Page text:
During a panel discussion in 1949, Frank Lloyd Wright made an undiplomatic comment about Marcel Duchamp’s celebrated picture of 1912, ‘Nude Descending a Staircase, No. 2’, in the presence of the artist. ‘I am sure he doesn’t himself regard it as a great picture now.’ At this Duchamp bridled, exclaiming in his excellent English, ‘I beg your pardon, sir!’ However, the architect had a point, as the exhibition Dalí/Duchamp at the Royal Academy bears out. I came away from it reflecting that Duchamp wasn’t a very good painter.
This is not the point, obviously, that the RA intended to make. The idea was to reveal how much this improbable pair — the progenitor of conceptual art and the flamboyant showman of surrealism — actually had in common. It’s true they were good friends. On show there are letters and photographs of Duchamp, clad less elegantly than usual in shorts, visiting Dalí in his Catalan coastal lair at Cadaqués. In artistic terms, though, the connection isn’t quiteso clear.
One difference is that Dalí remained pre-eminently a maker of pictures —although he did come up with one memorable surrealist object, his ‘Lobster Telephone’ (1938). Duchamp, in contrast, gave up painting quite early on and even his celebrated found objects — the porcelain urinal turned upside-down, signed and entitled ‘Fountain’ (1917), the ‘Bottle Rack’ (1914), the snow shovel wittily dubbed ‘In Advance of the Broken Arm’ (1915) — belong to his youth. Or rather the items originally ‘found’ did, but those were slung out as worthless clutter, shortly after Duchamp discovered them, by various people (including his sister). The ones we see — ironically, in the circumstances — are all meticulously hand-crafted facsimiles.
These, of course, have been enormously influential, effectively launching the notion that an artist’s thoughts and decisions are more crucial than the marks of the painter’s brush or the sculptor’s chisel. Duchamp himself, however, did not go on to create a great oeuvre of conceptual art.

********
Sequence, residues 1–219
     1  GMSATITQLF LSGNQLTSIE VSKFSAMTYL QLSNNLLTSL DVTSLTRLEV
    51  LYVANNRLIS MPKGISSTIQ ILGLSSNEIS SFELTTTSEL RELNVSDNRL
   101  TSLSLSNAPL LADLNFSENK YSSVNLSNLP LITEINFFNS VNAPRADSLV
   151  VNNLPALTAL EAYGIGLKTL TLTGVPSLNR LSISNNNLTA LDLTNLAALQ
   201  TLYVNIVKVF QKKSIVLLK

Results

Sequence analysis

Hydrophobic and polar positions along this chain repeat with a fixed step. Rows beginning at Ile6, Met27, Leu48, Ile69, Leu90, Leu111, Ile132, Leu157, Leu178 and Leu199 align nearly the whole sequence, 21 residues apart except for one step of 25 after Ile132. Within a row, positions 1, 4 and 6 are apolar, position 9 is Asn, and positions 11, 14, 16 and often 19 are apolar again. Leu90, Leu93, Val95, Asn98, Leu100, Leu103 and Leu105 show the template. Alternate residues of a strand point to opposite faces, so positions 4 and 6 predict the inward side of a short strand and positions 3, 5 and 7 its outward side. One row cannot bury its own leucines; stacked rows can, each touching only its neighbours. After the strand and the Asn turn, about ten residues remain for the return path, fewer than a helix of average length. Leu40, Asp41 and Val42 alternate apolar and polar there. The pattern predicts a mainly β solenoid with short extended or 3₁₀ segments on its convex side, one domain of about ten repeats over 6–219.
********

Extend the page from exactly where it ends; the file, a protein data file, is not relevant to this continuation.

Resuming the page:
Nor did he quite — as he claimed — give up art in favour of chess. But his output was small. Much of his most important work fits into one room at the Philadelphia Museum of Art. Duchamp also recycled his old ideas, in the ‘Boîte-en-valise’ (or box in a suitcase) of 1935–1941, which contains miniature versions of his early paintings and ‘ready-mades’.
Many years were spent on ‘Étant donnés’ (1946–66), a creepy peepshow in which one peers through a hole in a door to see the naked body of a woman, perhaps dead or murdered. His masterpiece, ‘The Bride Stripped Bare by Her Bachelors, Even’ (aka ‘The Large Glass’), of 1915–23, is more impressive, but still quite odd (Richard Hamilton’s reconstruction is exhibited here).
‘The Large Glass’ depicts various objects that vaguely suggest Edwardian kitchen apparatus or hardware — one being a chocolate grinder, the subject of one of Duchamp’s most successful earlier paintings. When you look at this transparent surface, these enigmatic oddments seem suspended in space.
‘The Large Glass’ seems to symbolise male and female desire — though few would guess that from looking at it and interpretation is not made easier by the artist’s voluminous and deliberately confusing notes. A preoccupation with matters erotic, then, is one thing Duchamp and Dalí had in common. At first glance, it isn’t easy to see many others.
Dalí was a brash self-advertiser. After meeting him and his wife Gala, Andy Warhol noted: ‘It’s like being with royalty or circus people.’ Duchamp, on the other hand, was cerebral, elegant, witty and reserved. While Duchamp spent years tinkering with ‘Étant donnés’, his Catalan friend was turning out large quantities of increasingly slick, glossy pictures. Dalí’s ‘Christ of Saint John of the Cross’ (1951) is a renowned contribution to a very unDuchampian genre, modern religious art.
Nonetheless, they shared something else: a determination not to compete with other, better painters. Duchamp’s ‘The King and Queen Surrounded by Swift Nudes’ (1912) reveals that in his youth he was a second-string follower of cubism (with a dash of Italian futurism thrown in). It’s not a bad painting but as Wright implied of the stylistically similar ‘Nude Descending’, it’s definitely not a great one. Its surfaces are too hard and dry, the whole effect too slick. None of Duchamp’s works — as art — are in the class of Picasso’s ‘Demoiselles d’Avignon’ or Matisse’s ‘Red Studio’.
It was a sensible decision on his part to give up painting in favour of something he was better at: thinking. Vastly influential as his ready-mades were, however, they aren’t all that much fun to look at.
In a way, it’s just the same with Dalí — the ideas are what count. Increasingly, as time went on, his actual painting tended to be glossily kitsch, and deliberately so. He said that if he’d been able to takecolour photographs of the fantastic ideas in his head, he’d have done that instead.